I looked up to see all the parents in the stands, cheering and shouting—my parents cheering loudest of all—with looks of shock and delight on their faces. By catching the ball, I had likely struck someone out while he or she was running to base, but in all honesty I couldn’t tell you if that is what happened because in my mind, I was a million miles away.


Everybody thinks I meant to do this, I realized. They think I meant to catch the ball. I considered this for a moment longer and then decided that what they didn't know couldn't hurt them. I sucked up the praise and acclaim I got for all that it was worth. It was my one moment of glory in t-ball.


Decades later, I was 27 years old and was sitting in my office at Cal State Long Beach, going through the roster sheet for the English 100 class I had been assigned to teach that semester. The class roster consisted of the students’ names, campus ID numbers, and intended majors. As I was glancing over their majors, I noticed that over half of them were studying Kinesiology or Physical Education, which meant that I would be teaching a classroom full of jocks and future P.E. teachers! How is this supposed to work? I wondered. I’m not going to have a thing in common with these kids.


How it worked is that over the course of the semester, they taught me a little bit about why they loved sports so much. When I gave them the “Failure” essay assignment and asked them to choose someone they admired and write about how that person had failed leading up to his or her success, they chose to write about Olympic gold medallists and their high school soccer coaches. They wrote epic tales of sweat and determination. They described the agony of defeat, and how it felt to experience the sweet glory of pushing oneself to the limit and finally achieving an elusive goal.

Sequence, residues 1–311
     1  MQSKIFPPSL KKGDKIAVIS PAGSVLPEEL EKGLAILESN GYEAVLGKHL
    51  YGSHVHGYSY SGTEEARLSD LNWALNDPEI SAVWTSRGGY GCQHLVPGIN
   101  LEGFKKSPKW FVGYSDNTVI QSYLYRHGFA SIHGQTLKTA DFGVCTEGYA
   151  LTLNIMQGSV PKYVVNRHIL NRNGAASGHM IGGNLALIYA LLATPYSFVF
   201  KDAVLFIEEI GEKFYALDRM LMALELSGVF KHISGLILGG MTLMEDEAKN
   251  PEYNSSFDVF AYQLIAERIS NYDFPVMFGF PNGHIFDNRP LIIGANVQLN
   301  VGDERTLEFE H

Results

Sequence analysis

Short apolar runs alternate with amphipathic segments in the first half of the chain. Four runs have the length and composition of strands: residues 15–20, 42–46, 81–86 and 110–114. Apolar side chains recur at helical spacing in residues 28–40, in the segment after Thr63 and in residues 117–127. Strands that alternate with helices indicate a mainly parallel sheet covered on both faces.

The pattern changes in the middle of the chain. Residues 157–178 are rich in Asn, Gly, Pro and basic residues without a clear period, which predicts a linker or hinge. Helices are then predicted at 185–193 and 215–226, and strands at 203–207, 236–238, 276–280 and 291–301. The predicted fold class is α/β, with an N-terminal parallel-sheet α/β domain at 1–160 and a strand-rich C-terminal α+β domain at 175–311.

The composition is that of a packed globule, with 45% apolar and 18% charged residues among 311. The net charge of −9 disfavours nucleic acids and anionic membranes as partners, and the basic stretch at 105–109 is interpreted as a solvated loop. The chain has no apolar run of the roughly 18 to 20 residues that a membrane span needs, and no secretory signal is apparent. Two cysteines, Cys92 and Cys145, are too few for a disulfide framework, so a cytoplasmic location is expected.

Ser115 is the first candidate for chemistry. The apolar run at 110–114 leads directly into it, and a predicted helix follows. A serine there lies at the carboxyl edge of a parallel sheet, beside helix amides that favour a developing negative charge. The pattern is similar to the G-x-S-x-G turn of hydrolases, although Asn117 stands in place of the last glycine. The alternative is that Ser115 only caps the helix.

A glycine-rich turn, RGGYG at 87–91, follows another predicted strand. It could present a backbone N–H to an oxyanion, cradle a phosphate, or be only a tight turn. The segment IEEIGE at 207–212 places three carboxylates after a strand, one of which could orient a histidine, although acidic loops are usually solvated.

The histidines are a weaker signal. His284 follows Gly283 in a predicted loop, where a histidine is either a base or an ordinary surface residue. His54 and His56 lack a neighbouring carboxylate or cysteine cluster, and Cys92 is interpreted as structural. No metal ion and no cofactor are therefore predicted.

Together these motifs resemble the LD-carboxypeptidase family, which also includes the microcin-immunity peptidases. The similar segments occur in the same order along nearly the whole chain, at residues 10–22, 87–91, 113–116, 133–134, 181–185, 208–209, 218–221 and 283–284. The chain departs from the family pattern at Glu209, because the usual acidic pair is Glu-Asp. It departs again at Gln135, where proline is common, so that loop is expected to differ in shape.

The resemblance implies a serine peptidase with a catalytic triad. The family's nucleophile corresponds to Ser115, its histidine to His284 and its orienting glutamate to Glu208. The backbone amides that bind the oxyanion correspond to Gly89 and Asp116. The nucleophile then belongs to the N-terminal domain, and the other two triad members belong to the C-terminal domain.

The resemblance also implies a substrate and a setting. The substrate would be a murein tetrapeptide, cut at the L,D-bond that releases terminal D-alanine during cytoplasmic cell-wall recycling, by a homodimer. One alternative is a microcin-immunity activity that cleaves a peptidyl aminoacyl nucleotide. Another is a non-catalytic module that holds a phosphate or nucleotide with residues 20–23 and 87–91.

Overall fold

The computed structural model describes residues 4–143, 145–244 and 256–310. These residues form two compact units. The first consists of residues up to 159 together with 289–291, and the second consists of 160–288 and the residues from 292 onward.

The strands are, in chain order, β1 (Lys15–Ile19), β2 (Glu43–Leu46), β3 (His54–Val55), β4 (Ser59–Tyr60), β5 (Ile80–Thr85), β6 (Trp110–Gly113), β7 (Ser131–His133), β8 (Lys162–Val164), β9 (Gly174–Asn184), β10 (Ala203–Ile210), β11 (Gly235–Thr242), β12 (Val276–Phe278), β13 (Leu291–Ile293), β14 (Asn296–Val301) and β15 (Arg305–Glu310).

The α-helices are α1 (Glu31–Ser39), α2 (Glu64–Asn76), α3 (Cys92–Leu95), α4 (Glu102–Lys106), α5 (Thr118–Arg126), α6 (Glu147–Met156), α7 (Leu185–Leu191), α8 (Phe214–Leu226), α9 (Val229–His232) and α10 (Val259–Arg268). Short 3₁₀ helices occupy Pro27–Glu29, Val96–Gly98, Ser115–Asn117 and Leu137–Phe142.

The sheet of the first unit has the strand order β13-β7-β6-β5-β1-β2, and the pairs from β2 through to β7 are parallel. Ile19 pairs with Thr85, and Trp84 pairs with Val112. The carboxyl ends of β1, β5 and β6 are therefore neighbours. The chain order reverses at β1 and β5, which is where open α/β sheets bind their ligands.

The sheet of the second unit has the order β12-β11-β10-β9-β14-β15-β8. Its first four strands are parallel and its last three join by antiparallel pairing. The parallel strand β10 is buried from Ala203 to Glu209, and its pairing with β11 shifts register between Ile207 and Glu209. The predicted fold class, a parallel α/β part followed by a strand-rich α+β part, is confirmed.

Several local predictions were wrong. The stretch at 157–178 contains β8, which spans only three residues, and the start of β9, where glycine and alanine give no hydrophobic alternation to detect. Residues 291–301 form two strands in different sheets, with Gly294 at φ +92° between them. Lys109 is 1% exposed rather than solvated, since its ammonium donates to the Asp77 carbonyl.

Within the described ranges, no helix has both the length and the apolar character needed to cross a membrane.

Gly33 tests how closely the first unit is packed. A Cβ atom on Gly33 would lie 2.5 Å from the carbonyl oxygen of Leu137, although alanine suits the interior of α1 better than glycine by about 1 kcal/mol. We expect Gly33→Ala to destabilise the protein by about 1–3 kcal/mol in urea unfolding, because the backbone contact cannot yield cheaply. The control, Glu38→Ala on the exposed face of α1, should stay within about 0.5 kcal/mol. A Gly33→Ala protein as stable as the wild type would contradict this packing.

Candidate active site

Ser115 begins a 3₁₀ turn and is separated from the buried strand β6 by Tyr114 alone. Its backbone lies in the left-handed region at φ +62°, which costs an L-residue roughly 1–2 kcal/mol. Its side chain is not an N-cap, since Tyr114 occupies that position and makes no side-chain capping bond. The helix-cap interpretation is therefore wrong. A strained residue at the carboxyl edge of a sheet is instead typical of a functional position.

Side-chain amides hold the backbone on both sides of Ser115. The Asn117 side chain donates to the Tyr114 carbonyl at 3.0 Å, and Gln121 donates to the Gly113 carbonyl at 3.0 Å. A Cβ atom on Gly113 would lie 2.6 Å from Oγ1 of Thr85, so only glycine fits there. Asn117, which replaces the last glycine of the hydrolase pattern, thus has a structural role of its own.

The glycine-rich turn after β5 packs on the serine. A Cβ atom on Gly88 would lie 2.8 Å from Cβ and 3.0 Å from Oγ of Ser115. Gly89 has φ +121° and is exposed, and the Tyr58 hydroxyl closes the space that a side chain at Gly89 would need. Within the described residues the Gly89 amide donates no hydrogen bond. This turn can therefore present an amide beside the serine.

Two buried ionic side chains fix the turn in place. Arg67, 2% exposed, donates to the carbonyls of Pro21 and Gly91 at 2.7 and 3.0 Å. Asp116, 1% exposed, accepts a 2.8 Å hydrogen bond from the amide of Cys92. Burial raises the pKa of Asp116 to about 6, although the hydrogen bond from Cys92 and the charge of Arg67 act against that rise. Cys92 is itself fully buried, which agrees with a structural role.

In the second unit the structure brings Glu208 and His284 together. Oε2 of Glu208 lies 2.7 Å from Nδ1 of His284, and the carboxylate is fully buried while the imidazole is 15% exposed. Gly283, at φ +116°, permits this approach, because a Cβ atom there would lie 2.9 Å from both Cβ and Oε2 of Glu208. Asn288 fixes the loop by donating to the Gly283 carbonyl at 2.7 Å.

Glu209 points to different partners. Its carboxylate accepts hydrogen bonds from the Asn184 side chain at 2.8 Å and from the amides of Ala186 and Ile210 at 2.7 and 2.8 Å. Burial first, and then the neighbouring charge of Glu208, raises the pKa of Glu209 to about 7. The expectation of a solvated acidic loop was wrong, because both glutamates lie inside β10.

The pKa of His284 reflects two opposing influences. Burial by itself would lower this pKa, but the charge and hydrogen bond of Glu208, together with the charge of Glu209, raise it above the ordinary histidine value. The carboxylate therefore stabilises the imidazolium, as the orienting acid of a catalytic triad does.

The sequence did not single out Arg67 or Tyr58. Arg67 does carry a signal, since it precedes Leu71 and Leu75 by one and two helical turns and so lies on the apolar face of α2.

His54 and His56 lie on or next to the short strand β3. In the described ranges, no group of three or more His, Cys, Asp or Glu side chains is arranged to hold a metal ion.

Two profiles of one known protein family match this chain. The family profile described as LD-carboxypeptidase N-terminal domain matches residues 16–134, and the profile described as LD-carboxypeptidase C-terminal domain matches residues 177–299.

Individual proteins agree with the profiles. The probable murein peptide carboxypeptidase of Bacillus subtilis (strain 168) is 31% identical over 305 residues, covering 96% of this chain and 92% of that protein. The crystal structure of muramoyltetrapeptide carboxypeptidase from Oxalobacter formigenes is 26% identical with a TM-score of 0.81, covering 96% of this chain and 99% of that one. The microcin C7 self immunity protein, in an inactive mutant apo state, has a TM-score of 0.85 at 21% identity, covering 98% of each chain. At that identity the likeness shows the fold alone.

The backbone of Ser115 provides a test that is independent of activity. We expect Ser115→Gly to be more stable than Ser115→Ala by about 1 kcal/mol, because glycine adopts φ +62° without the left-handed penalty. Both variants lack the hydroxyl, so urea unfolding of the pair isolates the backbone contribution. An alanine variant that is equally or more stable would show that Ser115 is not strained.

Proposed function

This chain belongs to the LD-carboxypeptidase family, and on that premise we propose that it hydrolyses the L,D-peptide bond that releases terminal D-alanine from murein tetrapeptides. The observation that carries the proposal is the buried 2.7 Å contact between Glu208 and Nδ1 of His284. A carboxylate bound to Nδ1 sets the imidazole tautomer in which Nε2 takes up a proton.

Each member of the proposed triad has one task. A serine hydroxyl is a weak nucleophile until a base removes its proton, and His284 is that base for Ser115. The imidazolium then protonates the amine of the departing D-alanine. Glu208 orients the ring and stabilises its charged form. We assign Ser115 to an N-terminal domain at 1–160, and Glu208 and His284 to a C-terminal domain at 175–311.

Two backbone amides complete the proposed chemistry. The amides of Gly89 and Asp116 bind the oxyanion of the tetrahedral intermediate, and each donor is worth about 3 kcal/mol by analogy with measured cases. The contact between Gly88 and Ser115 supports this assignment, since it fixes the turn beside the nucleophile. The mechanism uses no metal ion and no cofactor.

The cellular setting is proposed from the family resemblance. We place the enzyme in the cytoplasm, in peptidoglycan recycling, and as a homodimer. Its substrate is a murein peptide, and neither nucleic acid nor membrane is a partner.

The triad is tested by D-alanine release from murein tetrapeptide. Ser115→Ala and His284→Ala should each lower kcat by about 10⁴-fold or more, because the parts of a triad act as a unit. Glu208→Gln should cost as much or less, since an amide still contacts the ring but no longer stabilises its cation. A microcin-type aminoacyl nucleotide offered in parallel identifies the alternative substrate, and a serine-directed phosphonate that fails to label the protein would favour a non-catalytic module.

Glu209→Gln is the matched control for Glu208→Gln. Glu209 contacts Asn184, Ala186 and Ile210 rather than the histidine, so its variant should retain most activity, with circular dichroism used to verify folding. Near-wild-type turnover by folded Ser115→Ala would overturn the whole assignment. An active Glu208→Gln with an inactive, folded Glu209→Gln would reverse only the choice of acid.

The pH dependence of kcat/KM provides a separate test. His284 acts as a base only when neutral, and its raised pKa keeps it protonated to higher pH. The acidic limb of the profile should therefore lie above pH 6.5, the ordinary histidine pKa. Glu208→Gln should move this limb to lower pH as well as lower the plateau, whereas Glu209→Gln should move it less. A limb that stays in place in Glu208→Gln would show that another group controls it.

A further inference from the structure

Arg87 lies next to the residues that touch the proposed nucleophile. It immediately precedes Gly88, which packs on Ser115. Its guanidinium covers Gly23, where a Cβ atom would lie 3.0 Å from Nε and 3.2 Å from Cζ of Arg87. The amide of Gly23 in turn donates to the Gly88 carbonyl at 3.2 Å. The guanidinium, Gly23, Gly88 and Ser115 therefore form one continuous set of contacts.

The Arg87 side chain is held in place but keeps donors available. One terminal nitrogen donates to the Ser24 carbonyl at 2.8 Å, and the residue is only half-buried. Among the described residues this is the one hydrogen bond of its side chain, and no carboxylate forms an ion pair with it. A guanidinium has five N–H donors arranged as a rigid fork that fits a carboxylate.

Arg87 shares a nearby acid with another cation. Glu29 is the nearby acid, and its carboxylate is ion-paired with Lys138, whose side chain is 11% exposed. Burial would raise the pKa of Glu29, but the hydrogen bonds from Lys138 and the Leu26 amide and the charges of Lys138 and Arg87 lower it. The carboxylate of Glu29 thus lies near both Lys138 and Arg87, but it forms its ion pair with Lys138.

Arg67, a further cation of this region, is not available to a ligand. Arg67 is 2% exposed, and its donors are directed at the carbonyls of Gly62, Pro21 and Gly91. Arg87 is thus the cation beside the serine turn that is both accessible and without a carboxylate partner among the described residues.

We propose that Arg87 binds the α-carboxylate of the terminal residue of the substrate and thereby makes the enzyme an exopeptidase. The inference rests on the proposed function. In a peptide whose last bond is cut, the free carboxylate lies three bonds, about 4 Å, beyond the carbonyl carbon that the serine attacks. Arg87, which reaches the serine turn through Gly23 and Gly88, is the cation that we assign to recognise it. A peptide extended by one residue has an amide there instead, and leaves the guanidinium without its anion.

I was baffled and somewhat touched by their papers because I had never viewed sports as being anything but boring and torturous. I failed to see any redeeming value in them, and as I got older, I even decided that I would accept my uncoolness so long as it meant never having to serve a volleyball again.


In all the hours I had spent in left field, gazing out into space and trying to comprehend the mystery of people who saw the world differently than me, I had failed to recognize that for me, the biggest mystery of all wasn’t what it would be like for women to carry babies in their stomachs, or what the English language would sound like to someone who didn’t speak it. No, the biggest mystery for me was why anyone on earth liked sports in the first place.


Twenty years later, I got my answer to that question. Now I just need to work on finding out the other two. As a matter of fact, this semester I do have a student from Vietnam and one from Yemen. Maybe they can tell me what English used to sound like from their perspectives before they started speaking it fluently. Hmmm, this is looking promising . . .